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below86 - Wednesday, June 13, 2018 8:05 AM
My concern is the environment, what affect this will have on sea life? Let's quit using the oceans as a dumping ground. I know there is no visible waist, but the heat entering the water is 'waste'. The oceans are warming up enough now, let's not add more to it. As walkerjan said there are better ways of doing this.

Compared to the heat from other sources, sun, rivers, geothermal vents, even ships, this is incredibly small potatoes in a very large heat sink. Effects would extend only a few feet.


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allinadazework - Wednesday, June 13, 2018 4:30 AM
I assume that this is in fact a case of saving energy in terms of energy used in cooling. So it's not a case of heat being wasted, but energy being saved on cooling which has to be direct. Energy that could otherwise have been used to heat a greenhouse perhaps. I don't know this, but I'm guessing that the energy saved in cooling must be substantial enough to outweigh the risks of burial at sea!


Cooling power is substantial. When we used to rent space for SSC, cooling was charged for first. We got power limitations first, then cooling charge, then charge by power.

It would be better to have this heat used elsewhere, though I don't know how feasible this is. It's not likely to boil water, but perhaps greenhouse or something else. However, that doesn't necessarily help the data center survive, since it needs some cooling as well as heat dump.

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Steve Jones - SSC Editor - Wednesday, June 13, 2018 8:27 AM
allinadazework - Wednesday, June 13, 2018 4:30 AM
I assume that this is in fact a case of saving energy in terms of energy used in cooling. So it's not a case of heat being wasted, but energy being saved on cooling which has to be direct. Energy that could otherwise have been used to heat a greenhouse perhaps. I don't know this, but I'm guessing that the energy saved in cooling must be substantial enough to outweigh the risks of burial at sea!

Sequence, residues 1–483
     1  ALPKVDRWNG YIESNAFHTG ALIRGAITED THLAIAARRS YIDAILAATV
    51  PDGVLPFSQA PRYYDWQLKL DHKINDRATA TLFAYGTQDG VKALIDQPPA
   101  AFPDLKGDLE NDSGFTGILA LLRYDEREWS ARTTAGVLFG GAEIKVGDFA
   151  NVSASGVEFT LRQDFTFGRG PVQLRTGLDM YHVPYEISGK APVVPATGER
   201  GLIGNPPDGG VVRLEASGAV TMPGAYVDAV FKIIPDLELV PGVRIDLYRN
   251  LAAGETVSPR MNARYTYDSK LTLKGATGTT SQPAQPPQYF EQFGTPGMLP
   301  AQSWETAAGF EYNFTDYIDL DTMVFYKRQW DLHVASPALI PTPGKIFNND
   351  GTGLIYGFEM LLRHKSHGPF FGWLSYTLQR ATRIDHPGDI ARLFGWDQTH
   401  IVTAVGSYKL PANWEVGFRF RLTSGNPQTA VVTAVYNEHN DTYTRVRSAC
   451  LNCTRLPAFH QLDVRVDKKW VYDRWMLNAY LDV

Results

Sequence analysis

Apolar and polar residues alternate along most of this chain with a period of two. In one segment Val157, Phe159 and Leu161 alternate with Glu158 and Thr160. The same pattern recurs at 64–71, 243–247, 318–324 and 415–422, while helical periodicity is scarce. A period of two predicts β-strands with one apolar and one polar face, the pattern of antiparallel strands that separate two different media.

Cooling power is substantial. When we used to rent space for SSC, cooling was charged for first. We got power limitations first, then cooling charge, then charge by power.

It would be better to have this heat used elsewhere, though I don't know how feasible this is. It's not likely to boil water, but perhaps greenhouse or something else. However, that doesn't necessarily help the data center survive, since it needs some cooling as well as heat dump.

In theory, I would think you could put the chillers for a datacenter inside a greenhouse of some sort, but the problem would be, this would adversely impact the ability of those chillers to cool down...
The heat has to have someplace to go, and if they're already in a warm / hot environment, they'd have to work that much harder to cool. Arguably, in that case, all you'd be doing is moving the energy waste from the datacenter (waste heat being pumped into the air) to the power plant / transmission lines (generating more power to run the cooling system that's working harder.)
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jasona.work - Wednesday, June 13, 2018 7:30 AM
I was curious about how this would actually work, were they using the equivalent of a desktop water-cooling rig (heatsink on CPUs with water flowing through to a radiator) or something else. Reading the article, it's something else.


I suspect there are radiators of some sort to absorb heat inside and radiate to the container. I wonder if they would have pumps at all since those typically need maintenance. Might be passive cooling piping that lets water flow, perhaps using natural movement as water heats. There isn't air inside, so no moisture issues. I would suspect that they hope it remains uncovered and water flows across it, just using convection for heat dispersal.